An example is the recent corporate response to the 2017 tax cut: massive stock buybacks. This action raised stock prices but did little to help workers or even increase long-term profitability. A Reuters investigation found that CEOs often engaged in buybacks to hit performance targets and thus raise their compensation, contributing to the widening gap between executive and employee pay. This kind of decision can only occur when the company’s leadership is entirely controlled by shareholders and therefore takes the concept of share price maximization to its logical extreme – artificially inflating share prices through buybacks. The problem is fundamentally one of incentives: when shareholders control the board of directors, the incentive structure prioritizes raising share prices at all costs, even when it is to the detriment of workers or other stakeholders. Worker representation helps alleviate this skewed incentive structure by balancing out shareholder interests on the board with worker interests. One report found that codetermination in Germany reduced corporate “short-termism,” which is characterized by excessive stock buybacks and executive pay. Similarly, another study found that firms with codetermination had higher levels of capital formation, suggesting that codetermination actually increased investment and long-term planning. Codetermination did not result in declining performance: A study found that codetermination performed better as a system during the financial crisis of 2008 than systems driven by shareholder primacy. This increase in worker representation has tangible effects for workers, with one study finding that codetermination substantially reduced overall income inequality. By balancing the interests of shareholders and workers, codetermination helps check myopic corporate action and ensures that decisions reflect the needs of all stakeholders.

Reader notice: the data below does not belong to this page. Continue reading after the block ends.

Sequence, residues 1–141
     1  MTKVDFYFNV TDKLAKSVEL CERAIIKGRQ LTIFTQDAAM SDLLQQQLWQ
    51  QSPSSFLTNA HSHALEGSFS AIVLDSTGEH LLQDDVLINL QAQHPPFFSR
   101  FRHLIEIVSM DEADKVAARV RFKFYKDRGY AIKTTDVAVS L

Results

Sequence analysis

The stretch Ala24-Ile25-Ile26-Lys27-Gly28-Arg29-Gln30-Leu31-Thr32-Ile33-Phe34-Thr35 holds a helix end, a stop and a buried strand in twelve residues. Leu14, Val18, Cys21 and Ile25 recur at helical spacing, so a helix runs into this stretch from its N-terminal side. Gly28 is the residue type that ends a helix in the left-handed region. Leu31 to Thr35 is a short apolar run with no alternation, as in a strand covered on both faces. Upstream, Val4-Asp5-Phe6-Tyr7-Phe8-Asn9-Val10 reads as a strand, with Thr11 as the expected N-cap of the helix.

In addition to its ability to check the interests of shareholders, codetermination allows workers to gain a stake in the operations of the firm by increasing workplace democracy. Over 39 percent of Americans work for a corporation employing more than 2,500 workers, a development that has coincided with the growth in economic and political power of large multinational corporations. This trend has run concurrently with an increase in alienation on the part of workers from firm operations. A May 2020 poll found that 69 percent of Americans thought that workers had too little power in the workplace, and 59 percent agreed with the statement that “workers need more say in how businesses are run.” Codetermination offers a chance to rectify this unfulfilled desire for worker input by giving workers a chance to directly elect representatives to serve their interests on the board of directors. This representation allows workers to voice their concerns and increases their confidence that the company considers their interests when making decisions. A study of codetermination in Germany found that this confidence increased productivity, while other researchers found that workers who transitioned to a firm with codetermination reported increased job satisfaction even if their wages stayed the same. Considering the central position work occupies in most workers’ lives, it is not surprising that workers desire more control over the workplace. Codetermination allows workers to fulfill this desire.
The power of the American corporation has grown substantially in recent decades. Simultaneously, inequality has risen and corporations have come under fire for actions seen to be at odds with the social good. While corporations have made attempts at rehabilitating their public image, the biased composition of their boards of directors ensures that their first priority remains the interests of shareholders. The way to address the failures of the modern corporation lies not in expecting corporations to act against their own interests, but in changing what those interests are. Implementing a system of codetermination would reset the balance of incentives toward the interests of workers, finally providing them a say in the corporations that increasingly control their lives.